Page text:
Then, with that hat firmly in place, I listened to an array of highly familiar CDs, paying attention to musically important details as well as to soundstaging and the overall flow of the music. The results were excellent: the combination of the Ayre CX-7e CD player, Convergent Audio Technology SL-1 Ultimate preamplifier, Audiopax Model 88 Mk.II power amps, and Avantgarde Uno Nano speakers (review to come) is a highly synergistic, supremely musical combination.
The next step was to determine what the system sounded like with all those components plugged directly into the AC wall receptacles. I disconnected all the AC cords from the Premier and plugged them into the wall. (Two dedicated AC lines serve my room, each terminated with hospital-grade receptacles.) And listened.
The sound was still very gooda bit more forward than with the Premier in the system, but not annoyingly so. Otherwise, the tonal balance was much the same. These are, individually and collectively, excellent components. Then, as I continued listening, it seemed that some of the finer details of the sound were a bit obscured, and the soundstage, while not obviously more shallow or narrow, was not as precisely delineated as I remembered from when the Premier was in the system. Time to listen again with the Premier as the power source.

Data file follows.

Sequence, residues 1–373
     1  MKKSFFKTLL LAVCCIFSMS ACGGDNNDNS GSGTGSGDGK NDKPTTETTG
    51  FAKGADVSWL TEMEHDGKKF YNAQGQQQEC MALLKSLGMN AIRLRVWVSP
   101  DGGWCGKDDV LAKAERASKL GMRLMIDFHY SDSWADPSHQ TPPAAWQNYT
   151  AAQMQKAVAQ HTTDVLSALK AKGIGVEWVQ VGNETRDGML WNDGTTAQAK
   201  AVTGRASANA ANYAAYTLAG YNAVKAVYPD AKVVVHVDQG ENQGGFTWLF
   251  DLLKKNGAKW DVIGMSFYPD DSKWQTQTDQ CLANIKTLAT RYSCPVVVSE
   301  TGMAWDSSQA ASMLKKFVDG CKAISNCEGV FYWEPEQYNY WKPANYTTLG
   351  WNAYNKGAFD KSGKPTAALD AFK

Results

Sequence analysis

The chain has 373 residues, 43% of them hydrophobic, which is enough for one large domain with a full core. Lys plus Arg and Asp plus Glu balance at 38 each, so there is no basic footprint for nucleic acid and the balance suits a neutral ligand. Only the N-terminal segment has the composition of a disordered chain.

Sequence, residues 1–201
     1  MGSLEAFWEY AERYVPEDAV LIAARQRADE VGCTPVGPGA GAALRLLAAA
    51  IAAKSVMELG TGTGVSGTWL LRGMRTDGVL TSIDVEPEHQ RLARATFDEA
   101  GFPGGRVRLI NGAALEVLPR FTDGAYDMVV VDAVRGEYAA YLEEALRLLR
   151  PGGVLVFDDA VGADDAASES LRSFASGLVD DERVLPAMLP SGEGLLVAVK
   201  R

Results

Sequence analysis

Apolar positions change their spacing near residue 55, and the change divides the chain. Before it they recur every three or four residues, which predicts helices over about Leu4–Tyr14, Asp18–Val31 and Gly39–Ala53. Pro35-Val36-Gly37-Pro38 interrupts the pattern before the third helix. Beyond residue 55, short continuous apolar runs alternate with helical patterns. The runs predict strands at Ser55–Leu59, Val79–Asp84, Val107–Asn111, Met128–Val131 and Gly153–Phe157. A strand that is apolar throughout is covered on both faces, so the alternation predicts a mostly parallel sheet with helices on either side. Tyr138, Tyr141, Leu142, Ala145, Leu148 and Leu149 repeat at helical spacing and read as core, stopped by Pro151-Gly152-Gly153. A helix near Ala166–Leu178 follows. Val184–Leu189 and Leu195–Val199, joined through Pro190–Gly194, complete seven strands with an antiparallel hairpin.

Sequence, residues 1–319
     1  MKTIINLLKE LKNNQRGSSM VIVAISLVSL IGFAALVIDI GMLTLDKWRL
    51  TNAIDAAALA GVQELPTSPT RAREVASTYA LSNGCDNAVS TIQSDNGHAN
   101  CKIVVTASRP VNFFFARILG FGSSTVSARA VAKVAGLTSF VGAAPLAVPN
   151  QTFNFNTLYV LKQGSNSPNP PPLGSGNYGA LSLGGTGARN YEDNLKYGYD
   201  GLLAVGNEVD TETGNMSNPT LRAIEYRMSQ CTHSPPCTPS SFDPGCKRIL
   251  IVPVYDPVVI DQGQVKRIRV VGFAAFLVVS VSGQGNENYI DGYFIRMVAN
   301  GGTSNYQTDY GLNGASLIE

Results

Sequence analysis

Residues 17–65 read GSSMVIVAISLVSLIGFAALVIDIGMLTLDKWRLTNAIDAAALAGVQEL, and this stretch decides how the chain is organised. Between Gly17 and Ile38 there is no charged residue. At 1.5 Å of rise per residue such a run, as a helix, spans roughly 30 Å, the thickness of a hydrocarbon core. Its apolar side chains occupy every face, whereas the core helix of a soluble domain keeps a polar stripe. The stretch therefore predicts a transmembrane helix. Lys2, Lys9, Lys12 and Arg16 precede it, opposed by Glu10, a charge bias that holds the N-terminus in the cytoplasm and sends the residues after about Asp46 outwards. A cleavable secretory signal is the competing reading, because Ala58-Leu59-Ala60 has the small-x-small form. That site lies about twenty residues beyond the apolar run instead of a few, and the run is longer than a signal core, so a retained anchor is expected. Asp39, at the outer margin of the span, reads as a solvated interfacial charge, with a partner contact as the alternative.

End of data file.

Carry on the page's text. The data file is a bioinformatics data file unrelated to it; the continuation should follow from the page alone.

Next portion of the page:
I plugged everything into the Premier, turned on the system, and proceeded to listen again to the same recordings, beginning with the Chesky Records Jazz Sampler & Audiophile Test Compact Disc, Vol.1 (Chesky JD37). Based on what I felt had been a fairly subtle degradation of the sound when raw AC was used, I expected the difference in the other direction to be equally subtle.
I've never used the expression jaw-dropping in print or in conversation, and I'm not going to start now. My jaw remained in its usual place. But I was surprised by the magnitude of improvement produced by the Premier. The music became more subtly detailed, the soundstage wider and deeper, the overall sound more natural, less electronic. Noise, which can be a problem with the 105dB-sensitive Avantgarde Uno Nanos, was already quite low with the system plugged into the wall; with the Premier, it was even lower. There was no impairment of dynamics; if anything, if was now easier to hear the music's ebb and flow.